Under the same setup, if We want to compute the minimum sample size required when the percentage of missing observation at each time point is around \(25\%\), then we can see the distribution of sample size required after running the function about 100 times as follows.

```
fpca_method <- "fpca.sc"
eval_SS <- 5000
library(foreach)
required_sample_size <- foreach(i=1:10, .combine='c', .packages = "fPASS") %do% {
mean_diff_fn <- mean_diff_fn
PASS_Proj_Test_ufDA(sample_size = NULL, target.power = target.power,
sig.level = sig.level, nobs_per_subj = nobs_per_subj,
obs.design = obs.design, mean_diff_fnm = "mean_diff_fn",
cov.type = cov.type, cov.par = cov.par,
sigma2.e = sigma2.e, missing_type = missing_type,
missing_percent = missing_percent, eval_SS = eval_SS,
alloc.ratio = alloc.ratio, fpca_method = fpca_method,
mean_diff_add_args = mean_diff_add_args,
fpca_optns = fpca_optns, npc_to_use = 2, nsim = 1e3)$required_SS
}
```

```
quantile(required_sample_size, probs = c(0.25,0.5,0.75), names = TRUE)
#> 25% 50% 75%
#> 139.3561 147.7104 178.8790
```

The IQR of the distribution of the minimum sample sizes when the
percentage of missing is as significant as \(25\%\) is still about the same as that when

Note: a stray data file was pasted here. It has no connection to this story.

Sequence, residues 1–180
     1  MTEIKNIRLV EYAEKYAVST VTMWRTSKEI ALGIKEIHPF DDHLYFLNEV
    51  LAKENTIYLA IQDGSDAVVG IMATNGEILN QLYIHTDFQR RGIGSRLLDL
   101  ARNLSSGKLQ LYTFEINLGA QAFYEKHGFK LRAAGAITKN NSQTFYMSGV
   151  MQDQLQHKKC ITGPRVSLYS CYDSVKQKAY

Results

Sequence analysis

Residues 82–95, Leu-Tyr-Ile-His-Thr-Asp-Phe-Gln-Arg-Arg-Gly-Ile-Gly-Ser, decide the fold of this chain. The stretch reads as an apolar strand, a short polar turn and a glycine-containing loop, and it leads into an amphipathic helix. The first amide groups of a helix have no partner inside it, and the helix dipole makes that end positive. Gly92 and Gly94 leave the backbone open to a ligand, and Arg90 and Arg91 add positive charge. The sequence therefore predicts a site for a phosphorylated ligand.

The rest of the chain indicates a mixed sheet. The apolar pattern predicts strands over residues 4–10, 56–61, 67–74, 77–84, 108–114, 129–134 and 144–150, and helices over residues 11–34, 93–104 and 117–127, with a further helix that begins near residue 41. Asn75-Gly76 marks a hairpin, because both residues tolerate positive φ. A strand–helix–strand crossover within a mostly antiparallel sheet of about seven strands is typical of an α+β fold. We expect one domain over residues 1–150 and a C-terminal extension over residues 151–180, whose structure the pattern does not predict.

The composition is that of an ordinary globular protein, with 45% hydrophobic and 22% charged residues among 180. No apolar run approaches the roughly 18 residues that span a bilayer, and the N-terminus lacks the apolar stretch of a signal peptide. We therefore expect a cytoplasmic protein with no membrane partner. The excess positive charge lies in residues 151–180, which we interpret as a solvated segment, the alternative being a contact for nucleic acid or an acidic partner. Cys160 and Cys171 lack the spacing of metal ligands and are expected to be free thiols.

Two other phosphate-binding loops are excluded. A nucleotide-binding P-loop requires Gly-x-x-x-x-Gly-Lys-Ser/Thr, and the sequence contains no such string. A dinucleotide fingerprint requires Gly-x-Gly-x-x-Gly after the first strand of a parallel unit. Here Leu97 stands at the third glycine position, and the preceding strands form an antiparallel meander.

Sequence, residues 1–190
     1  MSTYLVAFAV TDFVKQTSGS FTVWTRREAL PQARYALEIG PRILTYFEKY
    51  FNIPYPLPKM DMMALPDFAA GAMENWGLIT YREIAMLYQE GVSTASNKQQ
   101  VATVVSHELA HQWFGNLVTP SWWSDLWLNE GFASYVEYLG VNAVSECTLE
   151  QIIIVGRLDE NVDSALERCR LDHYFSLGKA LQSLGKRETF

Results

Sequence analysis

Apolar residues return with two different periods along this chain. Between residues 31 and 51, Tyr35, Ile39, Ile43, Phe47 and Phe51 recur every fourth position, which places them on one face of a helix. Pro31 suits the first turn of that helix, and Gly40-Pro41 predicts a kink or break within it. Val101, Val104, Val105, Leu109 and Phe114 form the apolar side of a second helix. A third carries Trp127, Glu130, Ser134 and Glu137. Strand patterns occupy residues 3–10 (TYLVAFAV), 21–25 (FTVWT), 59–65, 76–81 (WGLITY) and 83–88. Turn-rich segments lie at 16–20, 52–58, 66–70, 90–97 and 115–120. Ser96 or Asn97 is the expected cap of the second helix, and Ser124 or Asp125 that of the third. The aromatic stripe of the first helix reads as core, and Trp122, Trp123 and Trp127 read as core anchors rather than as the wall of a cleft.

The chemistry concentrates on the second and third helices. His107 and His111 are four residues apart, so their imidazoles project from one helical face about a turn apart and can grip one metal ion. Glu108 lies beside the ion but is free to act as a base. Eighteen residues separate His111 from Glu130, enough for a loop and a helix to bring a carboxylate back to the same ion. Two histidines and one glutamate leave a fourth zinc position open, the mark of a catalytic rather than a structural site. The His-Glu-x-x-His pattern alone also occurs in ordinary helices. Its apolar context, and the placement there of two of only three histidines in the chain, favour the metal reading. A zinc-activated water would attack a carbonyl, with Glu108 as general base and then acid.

there is no missing, i.e. `missing_type == 'nomiss'`

and
`missing_percent = 0`

. This reflects one of the biggest
advantage of the projection-based test compared to traditional mixed
model approaches, that as long as the missing percentage do not affect
the estimation of the eigencomponents, the power of the test does not
degrade with the increasing percentage of missing responses.

Do try it out the same example in NCSS PASS software and check out
the minimum sample size required for the test to achieve a power of
\(80\%\), and how does the minimum
sample size increases when you increase the missing percentage to \(25\%\), to get a fair comparison of the
effectiveness of our procedure compared to traditional GEE type tests.
To do this, go to NCSS PASS (2023) software, *GEE -> GEE Tests for
the Slope of Two groups in a Repeated Measures Design (Continuous
Outcome) -> Choose AR(1) proportional correlation structure and
Number of measurement times as 6.*

We report the total computation time it needed create the entire vignette is approximately 3 minutes.